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Animal and Plant Health Inspection Service
U.S. Department of Agriculture
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Plant Quarantine Programs Managed by APHIS-PPQ

Plant Germplasm Quarantine Program (PGQP)
Permit Holder: Joseph Foster
Email: Joseph.A.Foster@usda.gov

The quarantine programs for the various crops processed by PGQP are listed below with a short description of how each functions.

Bamboo Clones and Seed 
Contact: Bishwo Adhikari
Email: Bishwo.N.Adhikari@usda.gov

Clonal bamboo is usually imported as clumps that include stems with a few to several nodes or sometimes as plantlets in tissue culture. The quarantine for clonal bamboo if healthy is one year during which the plants are inspected during growth and tested twice for viruses, phytoplasmas, and undescribed pathogens. Tests include leaf dip assay via electron microscopy, ELISA serology, PCR, and High-Throughput Sequencing (HTS). Infected clones are discarded. Introductions that test negative for pathogens are released from quarantine and distributed as whole plants to importers.

Alternatively, bamboo may be imported into the U.S. as seed. Bamboo seed is treated to control bacteria and fungi, germinated in seed trays, and eventually potted. These seedlings are also observed for disease symptoms and insect pests and tested for viruses, phytoplasmas, and undescribed pathogens by ELISA serology, PCR, and HTS. Symptom-free plants that test negative for the various pathogens are released from quarantine for distribution as whole plants.

Cassava Clones (Manihot) 
Contact: Ronald French
Email: Ronald.D.French@usda.gov

Cassava plants for propagation are usually imported as tissue cultures but may arrive as bare-rooted plants. During growth, the plants are tested for pathogens by mechanical transmission to sensitive indicator plants, grafting to a sensitive cassava cultivar, ELISA serology, PCR, and High-Throughput Sequencing (HTS). Infected cassava is subjected to meristem tip culture and heat therapy, and then the resulting plants are retested to ensure the elimination of the pathogen(s). This therapy treatment usually adds one year to the quarantine period. Cassava accessions are shipped to each recipient as 3-4 in vitro plantlets per clone.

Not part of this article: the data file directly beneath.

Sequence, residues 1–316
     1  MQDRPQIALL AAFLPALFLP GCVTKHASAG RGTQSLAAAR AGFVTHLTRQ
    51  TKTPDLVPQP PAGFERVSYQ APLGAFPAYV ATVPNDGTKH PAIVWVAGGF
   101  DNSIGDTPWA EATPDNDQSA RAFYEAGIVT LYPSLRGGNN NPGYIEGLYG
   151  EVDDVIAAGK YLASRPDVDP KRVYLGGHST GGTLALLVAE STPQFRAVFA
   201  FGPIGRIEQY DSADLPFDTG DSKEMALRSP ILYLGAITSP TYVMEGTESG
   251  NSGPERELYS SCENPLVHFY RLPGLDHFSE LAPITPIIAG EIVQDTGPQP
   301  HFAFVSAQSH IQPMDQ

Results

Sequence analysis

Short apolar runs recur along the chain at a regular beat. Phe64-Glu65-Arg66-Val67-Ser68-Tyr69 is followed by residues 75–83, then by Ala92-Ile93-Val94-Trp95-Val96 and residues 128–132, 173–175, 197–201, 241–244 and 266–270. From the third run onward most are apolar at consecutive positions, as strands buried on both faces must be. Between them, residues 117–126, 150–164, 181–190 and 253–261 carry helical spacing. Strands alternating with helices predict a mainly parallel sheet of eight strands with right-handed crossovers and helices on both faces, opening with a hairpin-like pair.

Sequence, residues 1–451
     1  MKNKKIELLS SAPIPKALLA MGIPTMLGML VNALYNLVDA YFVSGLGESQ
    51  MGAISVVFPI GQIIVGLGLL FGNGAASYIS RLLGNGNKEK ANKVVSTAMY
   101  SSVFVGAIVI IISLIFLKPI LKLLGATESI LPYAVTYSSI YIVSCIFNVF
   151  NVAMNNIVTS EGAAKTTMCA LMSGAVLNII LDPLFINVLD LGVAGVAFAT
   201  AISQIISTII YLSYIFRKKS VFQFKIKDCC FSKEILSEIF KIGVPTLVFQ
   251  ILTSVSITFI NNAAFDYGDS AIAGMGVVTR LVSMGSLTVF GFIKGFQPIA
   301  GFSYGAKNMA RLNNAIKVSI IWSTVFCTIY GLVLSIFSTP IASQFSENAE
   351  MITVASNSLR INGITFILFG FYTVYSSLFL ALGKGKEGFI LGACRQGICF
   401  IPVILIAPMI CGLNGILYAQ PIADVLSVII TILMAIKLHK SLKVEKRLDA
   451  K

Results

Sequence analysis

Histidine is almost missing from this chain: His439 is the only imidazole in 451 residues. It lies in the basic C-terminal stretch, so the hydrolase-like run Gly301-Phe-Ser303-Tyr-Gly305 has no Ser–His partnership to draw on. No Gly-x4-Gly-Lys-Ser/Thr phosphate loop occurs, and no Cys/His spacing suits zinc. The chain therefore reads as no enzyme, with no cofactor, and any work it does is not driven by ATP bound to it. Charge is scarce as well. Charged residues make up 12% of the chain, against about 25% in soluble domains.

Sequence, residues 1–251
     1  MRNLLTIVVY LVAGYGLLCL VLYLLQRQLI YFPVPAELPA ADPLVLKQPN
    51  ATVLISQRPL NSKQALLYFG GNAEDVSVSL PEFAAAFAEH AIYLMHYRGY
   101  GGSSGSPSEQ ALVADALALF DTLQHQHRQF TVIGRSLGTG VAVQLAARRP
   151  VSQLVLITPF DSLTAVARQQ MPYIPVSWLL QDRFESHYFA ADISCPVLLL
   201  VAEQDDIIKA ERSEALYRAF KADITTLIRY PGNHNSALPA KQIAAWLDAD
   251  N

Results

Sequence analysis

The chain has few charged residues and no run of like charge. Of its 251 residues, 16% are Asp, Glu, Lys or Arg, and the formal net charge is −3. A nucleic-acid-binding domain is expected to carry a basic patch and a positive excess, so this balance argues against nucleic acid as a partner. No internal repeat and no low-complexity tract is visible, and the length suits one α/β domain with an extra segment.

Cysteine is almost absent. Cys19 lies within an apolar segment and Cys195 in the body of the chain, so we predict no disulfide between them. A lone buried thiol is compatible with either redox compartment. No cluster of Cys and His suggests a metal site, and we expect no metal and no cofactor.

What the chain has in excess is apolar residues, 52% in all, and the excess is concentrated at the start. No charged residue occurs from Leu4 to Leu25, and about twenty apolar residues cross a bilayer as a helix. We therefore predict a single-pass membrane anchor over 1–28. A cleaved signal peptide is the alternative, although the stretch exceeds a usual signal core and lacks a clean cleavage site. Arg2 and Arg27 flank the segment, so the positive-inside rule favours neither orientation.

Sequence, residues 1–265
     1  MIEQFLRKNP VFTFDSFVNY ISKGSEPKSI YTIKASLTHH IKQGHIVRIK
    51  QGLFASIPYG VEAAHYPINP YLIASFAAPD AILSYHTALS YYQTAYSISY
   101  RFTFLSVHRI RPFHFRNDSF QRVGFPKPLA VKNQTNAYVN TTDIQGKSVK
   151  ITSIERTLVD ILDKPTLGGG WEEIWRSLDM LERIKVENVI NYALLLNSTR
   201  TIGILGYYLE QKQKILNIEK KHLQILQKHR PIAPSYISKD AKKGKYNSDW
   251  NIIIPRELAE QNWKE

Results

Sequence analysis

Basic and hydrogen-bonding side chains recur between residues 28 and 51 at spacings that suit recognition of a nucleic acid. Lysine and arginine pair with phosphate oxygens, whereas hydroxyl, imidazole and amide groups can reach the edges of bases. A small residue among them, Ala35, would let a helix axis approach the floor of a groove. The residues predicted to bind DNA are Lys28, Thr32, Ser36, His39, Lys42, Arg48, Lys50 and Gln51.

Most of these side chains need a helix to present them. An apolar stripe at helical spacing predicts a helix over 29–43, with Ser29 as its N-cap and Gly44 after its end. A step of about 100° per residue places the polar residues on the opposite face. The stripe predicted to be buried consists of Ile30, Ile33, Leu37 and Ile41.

Grass Clones and Seeds
Contact: Bishwo Adhikari
Email: Bishwo.N.Adhikari@usda.gov

Grass clones may arrive as whole plants, rhizomes, sprigs, stools, canes/stems, or plantlets in tissue culture from all countries. The growing plants are inspected for fungal or bacterial pathogens and tested twice a year for many exotic viruses and phytoplasmas. Pathogen tests include mechanical transmission to sensitive herbaceous indicator plants, leaf dip assay via electron microscopy, ELISA serology, PCR, and HTS. Infected germplasm may either be destroyed with the approval of the importer or entered into the therapy program for pathogen elimination by heat treatment and tissue culture. Grass clones released from quarantine are usually shipped to the importer as whole plants.

Seeds of certain grasses are prohibited in commercial quantities from certain countries but can be imported through quarantine. The seeds are sown in spring, the growing plants are inspected for pests, and the seed of these plants are harvested and shipped to the recipient. If pests are found, the seed lot is destroyed.

Pome Fruit Clones [Apples (Malus), Pears (Pyrus), Quinces (Cydonia, Chaenomeles)]
Contact: Oscar P. Hurtado Gonzales
Email: Oscar.Hurtado-Gonzales@usda.gov

Pome fruit clones are usually imported as dormant budwood but could arrive as bare-rooted plants. Selected buds are propagated on the appropriate domestic virus-free seedling rootstocks. Growing plants are inspected for pests and tested for different viruses, viroids, and phytoplasmas by PCR and HTS. Provisional or early releases within 1 year of importation are possible if the tested importation is negative for all mentioned tests. Importers must obtain a permit from APHIS-PPQ to grow provisionally released pome fruits. A final release is granted after the second round of PCRs and HTS is conducted during the second growing year and results are negative. Thus, the quarantine period for healthy pome introductions is a minimum of 2 years. If the introduction is infected, it is subjected to therapy to eliminate the detected pathogen(s). Therapy is done by growing the importation in tissue culture followed by exposure to several months of heat treatment cycles. Then, 0.2 mm meristem tips are excised and cultured in sterile tissue culture media. A small tree is grown from the meristem and subjected to all testing to confirm the elimination of the pathogen(s). Thus, detection of pathogens in pomes adds at least 18 months to the quarantine period.  Importers will receive notification via email about the status of their importation after the first round of testing has been concluded, approximately 8 months after importation and establishment of small trees. Pome fruits are released and distributed as dormant budwood from the tested clone.